A Bordeax Scouting Find: 2006 Pontet Canet

Yes, it’s that time of year again, Happy Daylight Savings Time! That also means that we are only a couple of weeks away from the unveiling of the 2010 vintage for the Red, White and Gold wines of Bordeaux! I will be proudly representing TWH at the Primeurs tastings in France, and based on dinner conversation last evening, will be representing all of you as well.

Yes, last night’s dinner was a hoot, filled with great conversation, much hilarity, some great wine, and the banter between the young sons of a very good friend of mine. He had ordered a case of Red Bordeaux that I had recommended to him, and as I was to deliver it, was invited to stay for dinner. It is a common occurrence that whenever we get together, we have some pretty interesting, deep conversation. Let’s just say that the wine that I delivered turned out to be a huge value. Its complexity and suitability to the grilled, bone-in rib eye was impeccable. This spun directly into his expressing his gratitude for my Bordeaux scouting services. Funny that I hadn’t thought about this concept before. But it’s true. I’m a Bordeaux scout. I’m not a critic nor am I an appraiser. I don’t score the wines, I taste them. I represent all of you who choose for me to be your scout. I listen, I observe. I certainly know my buddy’s palate well, and the more experience I have with customers, I get to know what your individual likes and dislikes may be as well.

 

So yes, the inevitable arose; we discussed the high prices of the more famous names of the appellation. There are times when an occasion is special enough for a splurge on a fancy Bordeaux, but what if you just love the wines so much that you can’t wait for a special occasion? That’s when you need a Bordeaux scout! Someone who tastes the wines, AND knows a bit about your own palate to boot. Neither Robert Parker nor James Suckling called my buddy with a heads up on the wine we had last night. Neal Martin didn’t either, in spite of their mutual distaste for the Chelsea Football Club. So leave it to a Blue to drop off a case of Bordeaux that a Gunner will enjoy over the next several years! It’s what I do. It doesn’t stop with him either; it is with great pleasure that I recommend Bordeaux to all y’all.

In this day and age where demand from Asia has elevated the First Growths (including their second labels) to commodity status, just know that prices are not coming down. And it’s not just the First Growths anymore. It seems that foresight is sometimes lost when it comes to Bordeaux and prices. It’s NOT inexpensive, but the other day, I uncovered a pretty dang good deal on one of Pauillac’s high flyers.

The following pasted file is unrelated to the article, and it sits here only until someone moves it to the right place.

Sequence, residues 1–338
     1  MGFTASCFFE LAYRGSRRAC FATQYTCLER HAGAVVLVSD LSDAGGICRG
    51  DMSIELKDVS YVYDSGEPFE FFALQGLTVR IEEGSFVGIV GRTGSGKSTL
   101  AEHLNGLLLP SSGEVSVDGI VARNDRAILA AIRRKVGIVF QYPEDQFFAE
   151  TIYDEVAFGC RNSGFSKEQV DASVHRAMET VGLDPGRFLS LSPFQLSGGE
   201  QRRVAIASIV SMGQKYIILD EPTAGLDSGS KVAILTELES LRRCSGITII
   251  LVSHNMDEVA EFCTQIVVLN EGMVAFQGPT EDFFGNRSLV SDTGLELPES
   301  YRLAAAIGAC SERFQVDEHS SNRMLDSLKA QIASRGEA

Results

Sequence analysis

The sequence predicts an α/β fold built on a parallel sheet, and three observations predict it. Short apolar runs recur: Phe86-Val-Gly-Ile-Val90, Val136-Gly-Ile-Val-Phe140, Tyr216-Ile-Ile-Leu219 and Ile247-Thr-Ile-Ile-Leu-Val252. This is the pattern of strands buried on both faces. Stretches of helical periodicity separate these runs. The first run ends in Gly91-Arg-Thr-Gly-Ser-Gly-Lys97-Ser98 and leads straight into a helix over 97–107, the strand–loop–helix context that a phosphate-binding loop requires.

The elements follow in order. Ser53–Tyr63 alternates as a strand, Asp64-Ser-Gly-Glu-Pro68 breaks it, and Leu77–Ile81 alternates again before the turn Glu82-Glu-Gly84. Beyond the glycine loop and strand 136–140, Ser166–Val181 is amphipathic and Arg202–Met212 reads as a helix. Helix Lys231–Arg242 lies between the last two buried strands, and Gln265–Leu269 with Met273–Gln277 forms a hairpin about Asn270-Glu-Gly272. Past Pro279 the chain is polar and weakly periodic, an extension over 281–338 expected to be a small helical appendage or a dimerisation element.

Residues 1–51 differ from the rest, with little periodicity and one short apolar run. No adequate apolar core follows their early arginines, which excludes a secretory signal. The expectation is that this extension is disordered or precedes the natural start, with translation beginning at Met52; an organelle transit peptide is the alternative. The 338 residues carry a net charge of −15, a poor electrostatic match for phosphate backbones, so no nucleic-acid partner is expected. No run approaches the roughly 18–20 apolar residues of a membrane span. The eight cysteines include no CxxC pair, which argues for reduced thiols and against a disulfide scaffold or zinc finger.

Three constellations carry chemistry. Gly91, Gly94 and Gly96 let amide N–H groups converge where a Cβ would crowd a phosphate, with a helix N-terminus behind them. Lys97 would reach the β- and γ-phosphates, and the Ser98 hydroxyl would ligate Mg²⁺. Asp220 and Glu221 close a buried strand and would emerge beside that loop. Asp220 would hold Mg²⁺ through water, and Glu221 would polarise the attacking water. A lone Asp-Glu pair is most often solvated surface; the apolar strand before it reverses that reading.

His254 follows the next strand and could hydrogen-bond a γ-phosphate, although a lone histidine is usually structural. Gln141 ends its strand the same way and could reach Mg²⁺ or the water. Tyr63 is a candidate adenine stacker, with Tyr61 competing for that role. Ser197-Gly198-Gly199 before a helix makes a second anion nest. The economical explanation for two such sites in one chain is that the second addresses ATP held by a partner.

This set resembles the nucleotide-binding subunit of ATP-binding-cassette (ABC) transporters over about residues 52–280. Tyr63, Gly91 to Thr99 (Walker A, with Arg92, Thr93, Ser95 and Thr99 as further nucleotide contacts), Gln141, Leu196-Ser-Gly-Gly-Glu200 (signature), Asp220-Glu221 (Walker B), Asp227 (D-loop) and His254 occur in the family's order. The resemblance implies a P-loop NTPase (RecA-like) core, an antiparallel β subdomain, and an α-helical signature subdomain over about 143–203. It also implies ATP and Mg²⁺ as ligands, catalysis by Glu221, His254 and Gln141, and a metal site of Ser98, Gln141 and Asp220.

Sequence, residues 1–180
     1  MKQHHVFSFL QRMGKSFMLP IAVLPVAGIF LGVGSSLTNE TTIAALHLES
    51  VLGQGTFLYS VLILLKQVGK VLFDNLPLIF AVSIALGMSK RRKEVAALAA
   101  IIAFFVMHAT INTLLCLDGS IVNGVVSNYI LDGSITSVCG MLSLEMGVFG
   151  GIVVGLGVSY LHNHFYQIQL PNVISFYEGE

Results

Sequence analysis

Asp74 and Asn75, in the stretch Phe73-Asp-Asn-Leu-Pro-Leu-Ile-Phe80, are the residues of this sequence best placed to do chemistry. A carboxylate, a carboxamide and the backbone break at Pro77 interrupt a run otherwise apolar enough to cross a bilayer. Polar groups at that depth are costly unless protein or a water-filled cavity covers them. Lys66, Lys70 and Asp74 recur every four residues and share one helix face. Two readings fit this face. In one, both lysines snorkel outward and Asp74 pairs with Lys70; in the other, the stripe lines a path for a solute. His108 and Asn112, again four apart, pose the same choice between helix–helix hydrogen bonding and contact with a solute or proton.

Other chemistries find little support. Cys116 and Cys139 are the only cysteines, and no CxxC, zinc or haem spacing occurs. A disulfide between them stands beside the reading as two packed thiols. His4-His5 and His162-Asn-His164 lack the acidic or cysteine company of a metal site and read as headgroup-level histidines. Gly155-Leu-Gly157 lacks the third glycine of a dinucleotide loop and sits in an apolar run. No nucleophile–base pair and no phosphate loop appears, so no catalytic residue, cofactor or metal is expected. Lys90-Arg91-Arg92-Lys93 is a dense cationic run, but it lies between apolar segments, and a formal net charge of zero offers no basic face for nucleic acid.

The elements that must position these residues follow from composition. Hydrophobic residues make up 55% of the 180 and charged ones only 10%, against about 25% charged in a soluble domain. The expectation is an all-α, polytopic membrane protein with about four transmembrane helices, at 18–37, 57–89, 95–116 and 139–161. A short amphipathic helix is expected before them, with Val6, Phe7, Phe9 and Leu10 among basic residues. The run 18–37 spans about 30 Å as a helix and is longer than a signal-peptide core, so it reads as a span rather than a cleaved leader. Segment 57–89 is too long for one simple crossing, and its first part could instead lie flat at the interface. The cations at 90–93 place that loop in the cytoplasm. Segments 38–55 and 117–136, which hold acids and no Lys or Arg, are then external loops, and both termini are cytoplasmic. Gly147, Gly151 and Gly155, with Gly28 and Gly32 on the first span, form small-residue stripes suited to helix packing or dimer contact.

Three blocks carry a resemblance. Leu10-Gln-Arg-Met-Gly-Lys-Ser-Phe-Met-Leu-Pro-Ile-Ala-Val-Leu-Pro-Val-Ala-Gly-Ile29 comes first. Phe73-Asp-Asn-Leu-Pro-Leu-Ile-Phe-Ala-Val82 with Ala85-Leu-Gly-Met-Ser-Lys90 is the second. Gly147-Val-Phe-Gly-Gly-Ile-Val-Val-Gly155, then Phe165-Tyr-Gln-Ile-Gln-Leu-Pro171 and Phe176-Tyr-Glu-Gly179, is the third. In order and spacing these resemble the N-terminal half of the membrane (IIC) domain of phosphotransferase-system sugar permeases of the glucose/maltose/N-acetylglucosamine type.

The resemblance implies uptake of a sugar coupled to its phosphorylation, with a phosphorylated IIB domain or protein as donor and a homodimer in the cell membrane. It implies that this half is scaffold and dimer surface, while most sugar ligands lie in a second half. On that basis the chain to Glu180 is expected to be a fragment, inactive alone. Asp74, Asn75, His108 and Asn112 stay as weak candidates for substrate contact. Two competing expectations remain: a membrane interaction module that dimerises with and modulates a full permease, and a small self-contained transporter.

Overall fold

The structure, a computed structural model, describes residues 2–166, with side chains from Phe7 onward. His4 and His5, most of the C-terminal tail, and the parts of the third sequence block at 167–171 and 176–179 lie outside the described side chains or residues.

You would be doing yourself a tremendous service building a vertical of Alfred Tesseron’s Pontet Canet. This Pauillac property (which sits across the street from Mouton Rothschild) has been churning out wines that I can only refer to as “trophies” for over 15 years now. I first visited the property in March 2008, one day before they hosted the St. Julien/Pauillac/St. Estephe UGC tasting. Things were electric and exciting, but that didn’t stop Monsieur Tesseron and his niece Melanie from welcoming us to the chateau. While looking over the vineyards from our elevated perch, Melanie pointed out that they were moving in the direction of full Agence Bio organic certification, as evidenced by the horses working the vineyard. I made some wisecrack about not seeing horses unless they had numbers on them, but I understood what it meant for the quality of the finished product. Tesseron’s wines are not shy; they are richly structured, highly aromatic, complex wines that reflect the unique terroir Pontet Canet shares with its vaunted neighbor. The lacking disparity in quality between the two Pauillac heavyweights is not reflected in price. Not yet. It certainly wasn’t in 2006, where Mouton was a candidate for wine of the vintage (and sells for around $600 per bottle). I’ve tasted the 2006 Pontet Canet. It’s a candidate too! It is an aromatic masterpiece. Berries upon berries marry the earthy notes with hints of tea and forest floor. The palate is heavy weight, with a dark purple fruit surfing the waves of the rich, perfect structure. All that can only lead to a lengthy, pleasing finish. This is a wine that will age, yes, but with a little air, can be enjoyed even now. (BTW, Pontet Canet has received their AB certification beginning with the 2010 vintage). I consider 2006 to be a “drinker’s vintage”, meaning that the wines are pretty and expressive, and don’t need to be forgotten about while they collect dust. But that’s just me.

So yes, I am full-on embracing the title bestowed upon me last night, Bordeaux scout. I am, hopefully, one confirming email away from having all my appointments lined up for the Primeurs week. And if that comes tomorrow, I will make my return to Pontet Canet on Tuesday morning, April 5 at 9:45. Fingers and toes crossed. Please feel free to hit me up with any questions or requests; you can call me your Bordeaux Scout too! Or BS for short. Okay, maybe not. :)Peter Zavialoff

peter.winehouse@sbcglobal.net

 

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Filed under 2006 Bordeaux, Bordeaux, Peter Zavialoff

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